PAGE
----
Chelsea Greening and her boyfriend, Landon Polk, are avid bow hunters who have utilized their skills to capture fish at the Boundary Dam Reservoir.
But they never imagined that their capture of two large fish would be beneficial for the dam.
Greening and Polk have used their specially-equipped bows to shoot fish, particularly large carp, at lakes throughout Saskatchewan and Manitoba.
“You just hook the bow up with fishing equipment,” said Greening. “It's a different arrow with a string attached to it, and the reel is actually attached to the bow, so that you can catch carp fish.”
While at Boundary Dam's hot water return area earlier this year, they spotted a few large fish that they thought were carp. They used their bow to shoot one of them.
“They were very different from what we'd ever seen,” said Greening.
A photo was sent to a conservation officer, who forwarded the picture to Saskatchewan Fisheries. The fish was confirmed to be a koi.
Polk has since captured a second koi fish.
Koi are not native to Boundary Dam, or any other lakes in Saskatchewan. So they pose a threat to other living organisms in the reservoir.
They stir up the bottom of the reservoir, making the water murky, which increases nutrient levels and algae concentrations, and contributes to erosion.
“They also feed on and remove aquatic plants,” Greening said. “They prey on invertebrates, native fish and their eggs, causing a competition for the native species.”
The koi will need to be removed from the lake before they cause great harm to native organisms, she said.
“We consider it to be doing a favour,” said Greening. “They're not supposed to be in that lake, and they're a threat to the other organisms in that lake.”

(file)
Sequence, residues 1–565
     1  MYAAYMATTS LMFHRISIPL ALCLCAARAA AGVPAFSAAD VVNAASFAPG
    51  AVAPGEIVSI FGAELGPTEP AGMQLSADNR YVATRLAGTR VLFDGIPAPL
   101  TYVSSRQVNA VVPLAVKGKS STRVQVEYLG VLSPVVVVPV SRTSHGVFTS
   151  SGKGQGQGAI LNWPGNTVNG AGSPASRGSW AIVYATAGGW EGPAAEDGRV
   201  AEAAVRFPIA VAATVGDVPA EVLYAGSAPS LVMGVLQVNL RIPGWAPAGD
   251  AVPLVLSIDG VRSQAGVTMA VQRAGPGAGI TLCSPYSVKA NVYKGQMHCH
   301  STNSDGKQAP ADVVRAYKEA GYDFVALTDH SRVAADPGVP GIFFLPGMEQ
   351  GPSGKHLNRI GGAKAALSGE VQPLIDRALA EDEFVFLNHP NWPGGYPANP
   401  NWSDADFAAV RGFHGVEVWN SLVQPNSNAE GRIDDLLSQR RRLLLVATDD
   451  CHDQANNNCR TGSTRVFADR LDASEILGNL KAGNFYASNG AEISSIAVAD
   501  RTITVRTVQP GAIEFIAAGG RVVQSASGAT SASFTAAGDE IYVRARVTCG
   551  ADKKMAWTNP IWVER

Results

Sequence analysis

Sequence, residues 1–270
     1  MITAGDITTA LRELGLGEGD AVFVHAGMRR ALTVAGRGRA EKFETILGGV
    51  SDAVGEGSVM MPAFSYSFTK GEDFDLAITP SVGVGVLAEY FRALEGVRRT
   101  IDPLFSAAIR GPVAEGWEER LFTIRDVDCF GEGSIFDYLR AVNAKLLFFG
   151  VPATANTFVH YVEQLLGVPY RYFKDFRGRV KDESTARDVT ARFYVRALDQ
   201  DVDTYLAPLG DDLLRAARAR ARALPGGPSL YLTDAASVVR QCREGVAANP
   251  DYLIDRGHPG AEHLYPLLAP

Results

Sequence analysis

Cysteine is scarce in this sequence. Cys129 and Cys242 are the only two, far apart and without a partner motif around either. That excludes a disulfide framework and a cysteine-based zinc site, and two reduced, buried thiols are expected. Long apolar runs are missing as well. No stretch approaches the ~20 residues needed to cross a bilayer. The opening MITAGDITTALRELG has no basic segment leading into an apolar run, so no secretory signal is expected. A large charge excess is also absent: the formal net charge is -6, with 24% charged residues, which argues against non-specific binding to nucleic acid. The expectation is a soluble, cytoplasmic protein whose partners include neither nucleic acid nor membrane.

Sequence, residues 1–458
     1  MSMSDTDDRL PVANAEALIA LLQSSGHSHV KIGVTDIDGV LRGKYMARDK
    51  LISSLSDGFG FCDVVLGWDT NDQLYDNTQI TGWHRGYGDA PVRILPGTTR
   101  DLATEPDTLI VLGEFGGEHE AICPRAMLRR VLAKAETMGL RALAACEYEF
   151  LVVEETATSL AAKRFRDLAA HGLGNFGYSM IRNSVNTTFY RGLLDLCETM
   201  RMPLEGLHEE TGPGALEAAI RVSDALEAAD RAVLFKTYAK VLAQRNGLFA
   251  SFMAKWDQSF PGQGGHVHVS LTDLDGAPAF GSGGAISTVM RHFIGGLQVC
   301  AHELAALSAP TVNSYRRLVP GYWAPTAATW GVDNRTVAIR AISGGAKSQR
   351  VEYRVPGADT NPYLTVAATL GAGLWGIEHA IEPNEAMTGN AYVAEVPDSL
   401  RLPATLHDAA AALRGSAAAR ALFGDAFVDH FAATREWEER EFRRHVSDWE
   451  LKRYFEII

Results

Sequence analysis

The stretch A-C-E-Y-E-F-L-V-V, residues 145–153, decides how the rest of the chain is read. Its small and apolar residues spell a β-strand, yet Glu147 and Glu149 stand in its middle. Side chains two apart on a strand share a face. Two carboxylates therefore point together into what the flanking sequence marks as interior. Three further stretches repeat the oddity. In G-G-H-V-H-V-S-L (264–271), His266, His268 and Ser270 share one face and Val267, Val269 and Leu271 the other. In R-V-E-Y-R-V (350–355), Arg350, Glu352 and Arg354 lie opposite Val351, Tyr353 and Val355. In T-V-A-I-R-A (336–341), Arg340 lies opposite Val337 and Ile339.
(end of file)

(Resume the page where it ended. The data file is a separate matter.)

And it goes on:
Each of the koi that Polk captured weighed 25 to 30 pounds, Greening said. The first one was caught in early May, just after the start of fishing season, and the other one was snared in early June.
“At first, when we were first seeing them, there was eight or so grouped together, but we would see up to 30 of them,” said Greening. “And now, as the water has warmed up throughout the whole lake, they have started to disburse, and you only see one or two around where the hot water return is.”
Polk has continued to hunt the fish, but hasn't had any luck capturing them in the last couple of weeks. Greening said they don't know of anyone else who has snagged a koi.
Jennifer Merkowsky, an area fisheries biologist with the Saskatchewan Ministry of the Environment, said that the koi are an ornamental variety of common carp that have been bred for their vivid colours.
"They're actually native to Asia, but people in the aquarium trade sell them in Saskatchewan for people to put into their aquariums and their ponds," said Merkowsky.
Saskatchewan Environment doesn't know for certain how the koi wound up in Boundary Dam, but they suspect that the fish were released from an outside source.
They don't have any other reports of koi being in other lakes or rivers in the province.
Merkowsky said Saskatchewan Environment is encouraging anglers to capture the fish, and remove them from the reservoir.
"Right now there is no feasible method for eradicating the koi from Boundary Dam," said Merkowsky. "The predators would certainly include anglers, but also fish-eating birds such as herons, or other wildlife such as raccoons."
Young koi would also provide a food supply for game fish, she said, but not once they grow up.
The bow hunting employed by Polk and Greening is the best way to try to catch the koi, Merkowsky said, because carp are traditionally bow-fished.
"I'm not sure that a line-and-lure would be effective," she said.
Merkowsky said that aquarium pets, plants and water should never be released into lakes, rivers and wetlands, because of the potential impact that it could have on Saskatchewan's native species.